Four years ago, I came to Bradley to do one thing: play tennis.
As many athletes do, I chose what college to attend based largely on the athletic program.
Bradley had my major, was far enough from home and offered a nice financial package without an unflattering uniform color or mascot. Count me in.
I imagined my college career through forehands and headlines. I never dreamt about the injuries, events I’d miss out on and people I’d lose time with because I was on the court, in the weight room, or worse, on a 10-hour van ride to Kansas.
And now, competing in the final matches of my career this weekend is one of the least sad events of these next few weeks. My teammates are my family, and I’m thankful for all tennis has given me, but Bradley has meant so much more than tennis.
Trite but true, Bradley has become my home.
Even when I didn’t want it to.
But the reason I love this place isn’t because it gave me what I was hoping for. It’s because it gave me what I didn’t expect.
It just turns out that’s what I needed.
In a word, Bradley has been a challenge, and the most satisfying thing about that is I’ve challenged myself.
When I came to school, I didn’t know how to play doubles. I was a singles player who didn’t know any doubles strategy and hated coming to the net. I started my career off at the last slot, No. 3 doubles, and now play at the No. 1 position. I also hold the record for most doubles wins in school history.
At the end of my freshman year I earned a job as a Scout reporter, only to be told a year later, after dedication and improvement, I wouldn’t be promoted because the editors thought I was too busy.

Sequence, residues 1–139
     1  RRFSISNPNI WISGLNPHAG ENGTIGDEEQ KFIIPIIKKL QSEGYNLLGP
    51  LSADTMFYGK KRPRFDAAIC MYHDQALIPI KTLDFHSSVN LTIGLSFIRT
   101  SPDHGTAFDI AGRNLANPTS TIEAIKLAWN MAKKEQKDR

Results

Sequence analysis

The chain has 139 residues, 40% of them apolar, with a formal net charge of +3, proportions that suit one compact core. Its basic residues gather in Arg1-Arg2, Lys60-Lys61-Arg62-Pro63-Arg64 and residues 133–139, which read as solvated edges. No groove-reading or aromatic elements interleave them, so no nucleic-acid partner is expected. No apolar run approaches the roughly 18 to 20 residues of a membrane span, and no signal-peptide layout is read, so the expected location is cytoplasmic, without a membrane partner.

But I continued working hard, was asked to step up and now hold the second-highest position on staff.
I’m proud of these feats not because of how they sound on paper, but because of how relentlessly I worked for them. Turns out, hard work really does pay off.
I’d love to say I was responsible for making my college experience what it was. I pride myself in being in control and hate relying on others.
But as much as the awards, records and honors I’ve worked for mean, they pale aside the intangible memories my friends have given me.
I’ve never really been the type of person to have a lot of friends, because I’m pretty bad at letting people get to know me.
College was hard, because I had to let people figure me out again. And although I wanted to put a wall up all around me, I was lucky enough to find the right people who didn’t have to work to tear it down.
I’ve already had to say goodbye to some of these unique, intelligent and genuine individuals, and I learned it’s not impossible.
But next year, I won’t be living within a mile of any of my college best friends. In fact, I won’t be living in the same area of the country as any of them. And that’s going to suck.
Four years ago, I wouldn’t have guessed I’d be counting my college wins and losses from off the tennis court. But I guess if you go to college and come out without having changed the way you think, you really haven’t gone anywhere at all.
Thanks to my friends here who have made me feel like I’m ready to go places after I walk across the stage May 15. If we keep working hard, we will surely get there.
Emily Regenold is a senior journalism major from Cincinnati. She is the Scout managing editor.
We believe in you, Regenold!
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